A Welsh schoolboy has been found guilty of plotting an “ISIS-inspired” attack on the day of a Justin Bieber concert in Cardiff.
The 17-year-old from Rhondda Cynon Taff cannot be named due to his age, was detained by police on 30 June 2017, the same day as the singer’s gig at the city’s Principality Stadium.
The boy hid a hammer and knife in his school bag and wrote a “martyrdom letter” after being “radicalised” online.
He was convicted of preparing for terrorist acts following a nine-day trial at Birmingham Crown Court.
In total, the teenager was convicted of five terror offences, which he had denied.
At the start of the boy’s trial it emerged that he had written a note apparently aimed for distribution after his death reading: “I am a soldier of the Islamic State and I have attacked Cardiff today because your government keep on bombing targets in Syria and Iraq.”
He added: “There will be more attacks in the future.”
The note – found with the gutting knife and claw hammer – also featured bullet points including “run down the non-believers with a car” and “strike the infidels, who oppose Allah in the neck.”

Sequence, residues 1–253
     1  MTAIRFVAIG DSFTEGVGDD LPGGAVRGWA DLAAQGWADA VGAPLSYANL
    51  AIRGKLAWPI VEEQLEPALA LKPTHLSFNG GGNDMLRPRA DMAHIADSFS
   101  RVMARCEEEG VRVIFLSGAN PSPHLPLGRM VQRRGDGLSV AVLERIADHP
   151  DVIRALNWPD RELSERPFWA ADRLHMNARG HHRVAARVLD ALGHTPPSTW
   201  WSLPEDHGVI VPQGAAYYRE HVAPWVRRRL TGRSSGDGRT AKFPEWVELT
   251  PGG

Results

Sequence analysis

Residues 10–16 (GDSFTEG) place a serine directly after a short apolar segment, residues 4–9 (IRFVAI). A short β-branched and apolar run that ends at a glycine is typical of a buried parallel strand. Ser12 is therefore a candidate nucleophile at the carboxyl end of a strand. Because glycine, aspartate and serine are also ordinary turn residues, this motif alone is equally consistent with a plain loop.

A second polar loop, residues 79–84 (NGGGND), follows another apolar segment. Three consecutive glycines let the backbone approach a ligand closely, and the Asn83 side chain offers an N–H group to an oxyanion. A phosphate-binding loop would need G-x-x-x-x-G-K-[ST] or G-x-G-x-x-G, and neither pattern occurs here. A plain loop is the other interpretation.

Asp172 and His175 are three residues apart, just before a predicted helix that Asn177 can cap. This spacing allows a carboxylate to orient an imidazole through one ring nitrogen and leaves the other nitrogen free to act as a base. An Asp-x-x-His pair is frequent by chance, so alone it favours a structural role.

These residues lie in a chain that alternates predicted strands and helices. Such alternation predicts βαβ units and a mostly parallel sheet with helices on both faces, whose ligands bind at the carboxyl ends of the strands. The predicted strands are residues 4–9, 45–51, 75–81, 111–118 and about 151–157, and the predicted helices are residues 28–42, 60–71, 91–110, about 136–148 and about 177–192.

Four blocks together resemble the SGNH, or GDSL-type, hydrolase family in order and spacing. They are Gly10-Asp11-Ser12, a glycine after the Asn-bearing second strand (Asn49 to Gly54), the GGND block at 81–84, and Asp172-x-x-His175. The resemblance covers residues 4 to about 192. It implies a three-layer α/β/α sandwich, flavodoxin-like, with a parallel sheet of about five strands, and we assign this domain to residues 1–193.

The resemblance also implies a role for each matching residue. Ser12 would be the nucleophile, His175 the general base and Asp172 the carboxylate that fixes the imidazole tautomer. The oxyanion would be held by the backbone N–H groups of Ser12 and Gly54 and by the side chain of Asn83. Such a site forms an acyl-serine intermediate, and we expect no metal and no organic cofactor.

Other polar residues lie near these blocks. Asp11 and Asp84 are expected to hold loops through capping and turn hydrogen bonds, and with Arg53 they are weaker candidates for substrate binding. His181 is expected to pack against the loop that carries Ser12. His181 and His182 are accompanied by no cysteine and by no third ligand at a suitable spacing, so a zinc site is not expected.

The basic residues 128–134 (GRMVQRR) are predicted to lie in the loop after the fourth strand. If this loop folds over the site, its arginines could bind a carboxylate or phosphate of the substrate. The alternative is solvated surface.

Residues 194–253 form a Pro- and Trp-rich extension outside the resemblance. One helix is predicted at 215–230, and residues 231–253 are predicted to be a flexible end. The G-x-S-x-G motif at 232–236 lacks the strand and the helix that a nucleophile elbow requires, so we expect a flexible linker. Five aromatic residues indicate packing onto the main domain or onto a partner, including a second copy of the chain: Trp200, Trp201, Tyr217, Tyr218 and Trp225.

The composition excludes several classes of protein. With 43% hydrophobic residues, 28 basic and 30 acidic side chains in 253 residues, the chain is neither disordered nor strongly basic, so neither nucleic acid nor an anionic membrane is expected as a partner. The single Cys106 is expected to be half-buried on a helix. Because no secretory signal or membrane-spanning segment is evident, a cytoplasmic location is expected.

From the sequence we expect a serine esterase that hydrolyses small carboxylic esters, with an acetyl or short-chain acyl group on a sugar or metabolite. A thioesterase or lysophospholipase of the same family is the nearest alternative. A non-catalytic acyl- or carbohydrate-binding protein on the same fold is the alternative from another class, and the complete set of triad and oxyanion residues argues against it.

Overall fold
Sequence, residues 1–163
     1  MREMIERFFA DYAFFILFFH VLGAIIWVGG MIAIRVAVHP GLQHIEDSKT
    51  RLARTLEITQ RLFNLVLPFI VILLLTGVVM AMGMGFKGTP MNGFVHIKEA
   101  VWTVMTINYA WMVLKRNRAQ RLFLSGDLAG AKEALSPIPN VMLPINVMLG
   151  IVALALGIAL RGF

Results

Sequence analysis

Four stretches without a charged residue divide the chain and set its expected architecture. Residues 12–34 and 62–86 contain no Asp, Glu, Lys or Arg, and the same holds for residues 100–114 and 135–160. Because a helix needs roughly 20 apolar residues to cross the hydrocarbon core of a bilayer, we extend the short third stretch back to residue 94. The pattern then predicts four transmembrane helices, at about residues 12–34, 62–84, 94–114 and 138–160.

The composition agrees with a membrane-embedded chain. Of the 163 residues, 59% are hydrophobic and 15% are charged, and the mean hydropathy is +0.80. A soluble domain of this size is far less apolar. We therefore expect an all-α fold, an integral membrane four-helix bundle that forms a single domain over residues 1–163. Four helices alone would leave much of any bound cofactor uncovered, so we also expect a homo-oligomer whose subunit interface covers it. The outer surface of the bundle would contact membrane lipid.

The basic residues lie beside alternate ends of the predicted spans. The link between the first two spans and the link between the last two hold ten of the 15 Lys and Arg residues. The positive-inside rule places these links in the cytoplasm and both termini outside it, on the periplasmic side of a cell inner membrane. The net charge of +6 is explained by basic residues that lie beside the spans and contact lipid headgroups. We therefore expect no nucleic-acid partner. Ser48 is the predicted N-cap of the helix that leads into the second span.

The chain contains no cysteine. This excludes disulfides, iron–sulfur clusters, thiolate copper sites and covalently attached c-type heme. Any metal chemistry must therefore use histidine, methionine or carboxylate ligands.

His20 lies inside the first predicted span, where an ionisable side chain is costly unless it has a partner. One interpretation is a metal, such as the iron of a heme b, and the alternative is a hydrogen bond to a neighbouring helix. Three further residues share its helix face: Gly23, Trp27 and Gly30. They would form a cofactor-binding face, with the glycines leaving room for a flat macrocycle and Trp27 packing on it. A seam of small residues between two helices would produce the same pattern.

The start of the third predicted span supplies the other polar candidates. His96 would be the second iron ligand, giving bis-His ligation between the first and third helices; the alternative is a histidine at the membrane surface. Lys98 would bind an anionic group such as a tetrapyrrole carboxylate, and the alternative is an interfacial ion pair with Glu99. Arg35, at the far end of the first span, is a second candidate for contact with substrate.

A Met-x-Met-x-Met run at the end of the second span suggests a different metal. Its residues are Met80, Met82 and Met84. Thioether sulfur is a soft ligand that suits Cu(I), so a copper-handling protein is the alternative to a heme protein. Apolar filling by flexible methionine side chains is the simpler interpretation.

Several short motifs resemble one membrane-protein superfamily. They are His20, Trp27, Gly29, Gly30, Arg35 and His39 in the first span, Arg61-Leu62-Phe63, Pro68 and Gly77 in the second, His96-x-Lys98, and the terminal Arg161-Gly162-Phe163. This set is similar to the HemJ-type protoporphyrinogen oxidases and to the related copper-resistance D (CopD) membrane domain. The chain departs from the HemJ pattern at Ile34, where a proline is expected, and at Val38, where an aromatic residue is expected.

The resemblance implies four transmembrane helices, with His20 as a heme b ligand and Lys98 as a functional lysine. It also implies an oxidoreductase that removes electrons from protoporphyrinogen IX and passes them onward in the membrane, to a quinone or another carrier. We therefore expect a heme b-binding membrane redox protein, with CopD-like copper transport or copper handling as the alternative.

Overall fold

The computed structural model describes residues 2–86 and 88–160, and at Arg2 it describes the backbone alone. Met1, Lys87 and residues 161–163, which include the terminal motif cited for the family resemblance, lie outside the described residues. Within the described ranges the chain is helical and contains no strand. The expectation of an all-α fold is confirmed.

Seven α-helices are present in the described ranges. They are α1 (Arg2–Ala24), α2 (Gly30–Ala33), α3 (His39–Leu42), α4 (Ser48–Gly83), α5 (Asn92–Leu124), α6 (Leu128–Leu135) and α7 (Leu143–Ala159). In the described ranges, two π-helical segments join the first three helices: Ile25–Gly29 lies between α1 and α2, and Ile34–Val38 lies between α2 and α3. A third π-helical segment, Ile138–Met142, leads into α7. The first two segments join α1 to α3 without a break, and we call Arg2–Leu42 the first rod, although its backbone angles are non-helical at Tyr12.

Opening the case against the teen, prosecutor Matthew Brook told the jury: “In this case, the evidence will prove that he became radicalised over the internet.”
Mr Brook had told the court that detectives found a copy of a poster for the concert and internet searches such as “Justin Bieber Cardiff 2017” and “Justin Bieber Cardiff security.”
A court heard the perpetrator may have also been looking to target Cardiff Castle.
Mr Brook told jurors: “His interest in suicide evolved over time into an intention to commit a suicide attack in the name of Islam.
“The defendant told the police in his interview that he had been conversing with someone called Al Baghdadi over Instagram.
“Abu Bakr al-Baghdadi is the leader of ISIS.”
The boy told police he took a knife and a hammer to his school on the day of his arrest but claimed he had no thoughts of using either weapon in an attack.
He will be sentenced at the same court on 10 January 2018.